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What did the Romans ever do for us?

Or maybe a better question "What did Monty Python ever do for us?" -  well they gave us the wonderful quote "What did the Romans..." to introduce any article about Roman civilisation or technology!

Seller Baltasar Sanchez from Spain has been kind enough to share this blog about a Roman archeological site in Spain.  Here it is below.

An insight into ancient mining history:

The Roman furnaces at Cerro de los Almadenes, Segovia, Spain

Aerial shot of the excavations at Cerro de los Almadenes


Cerro de los Almadenes, in the Segovian town of Otero de Herreros is the best representation of Roman mining in the center of the Iberian Peninsula.

Even though the existence of these mining works was known of old, due to the presence of numerous smelting slags, they have not been studied in depth until 2009 and following.

Although there are indications of works prior to Roman presence, and settlements since the Bronze Age, copper deposits exploitation took place between the second half of the first century BC and the first half of the first century AD. Subsequent works have concluded that the bulk of the exploitation took place between 10 BC and 40 AD. The excavations carried out in 2013 have exposed Visigoth furnaces (Fifth and Sixth centuries) which show that the exploitation lasted until this century at least.

The excavations carried out in 2011 revealed the existence of several Roman furnaces between 5 and 7 meters high. These furnaces were of three types: toasting, reduction and reverberation.

Excavated Roman furnaces at the Cerro de los Almadenes site


The process of obtaining copper consisted of:

  • Extraction of the raw material, washing and crushing.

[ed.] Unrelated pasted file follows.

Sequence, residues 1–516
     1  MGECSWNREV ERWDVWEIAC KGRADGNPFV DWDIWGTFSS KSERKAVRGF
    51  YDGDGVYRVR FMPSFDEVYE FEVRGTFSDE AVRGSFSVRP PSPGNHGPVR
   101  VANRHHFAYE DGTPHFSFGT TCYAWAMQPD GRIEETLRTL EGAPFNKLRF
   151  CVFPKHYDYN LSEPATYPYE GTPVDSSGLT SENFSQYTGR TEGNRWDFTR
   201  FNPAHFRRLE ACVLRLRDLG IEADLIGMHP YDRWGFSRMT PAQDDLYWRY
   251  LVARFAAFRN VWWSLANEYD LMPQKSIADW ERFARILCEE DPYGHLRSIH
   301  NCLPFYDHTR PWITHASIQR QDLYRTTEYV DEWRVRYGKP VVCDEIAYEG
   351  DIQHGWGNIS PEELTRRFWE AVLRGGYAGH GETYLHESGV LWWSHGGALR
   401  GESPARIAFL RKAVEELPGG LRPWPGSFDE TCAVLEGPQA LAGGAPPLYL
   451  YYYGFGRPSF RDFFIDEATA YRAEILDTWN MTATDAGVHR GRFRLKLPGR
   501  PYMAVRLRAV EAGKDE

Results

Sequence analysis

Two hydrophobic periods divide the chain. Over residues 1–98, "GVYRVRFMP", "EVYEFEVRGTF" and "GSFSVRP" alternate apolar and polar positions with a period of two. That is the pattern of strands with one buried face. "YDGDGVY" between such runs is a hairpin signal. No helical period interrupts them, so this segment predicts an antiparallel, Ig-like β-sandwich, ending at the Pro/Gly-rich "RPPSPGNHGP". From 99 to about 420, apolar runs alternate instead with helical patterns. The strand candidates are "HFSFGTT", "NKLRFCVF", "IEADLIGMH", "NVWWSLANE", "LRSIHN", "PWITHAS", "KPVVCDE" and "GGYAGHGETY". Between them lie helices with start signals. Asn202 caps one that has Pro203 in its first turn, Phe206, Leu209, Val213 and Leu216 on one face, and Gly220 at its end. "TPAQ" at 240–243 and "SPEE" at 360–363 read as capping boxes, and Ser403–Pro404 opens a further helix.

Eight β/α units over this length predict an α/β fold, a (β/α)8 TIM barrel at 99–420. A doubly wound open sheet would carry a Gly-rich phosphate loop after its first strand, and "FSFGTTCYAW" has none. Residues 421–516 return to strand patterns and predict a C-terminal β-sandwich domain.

• Toasting, to remove toxic sulfides and water. They were simple ovens without forced ventilation. Toasting ovens gave rise to petriform slags with rough texture and abundant vacuoles.
  • Reduction or casting, the resulting material was processed in reduction furnaces, with forced ventilation and generating cordiform slags with metallic appearance and smooth texture that took the negative form of the container
  • Finally the copper concentrate was separated from the slag in a reverberatory furnace. The final result was ore cakes 30-40 cm in diameter.

Slags occupied a large area in the ovens’s vicinity. It is estimated that they could reach 250,000 m3. These were important more recently when part of them were used in the works of San Rafael to Segovia highway in 1965.

This week we have an auction running for a piece of slag from this Roman field, very representative of the reduction process: cordiform and with a nice metallic ocher color. Not your average mineral specimen but a good piece of ancient mining history.

We hope you like it!.

Roman slag waste on the surface at Cerro de los Almadenes
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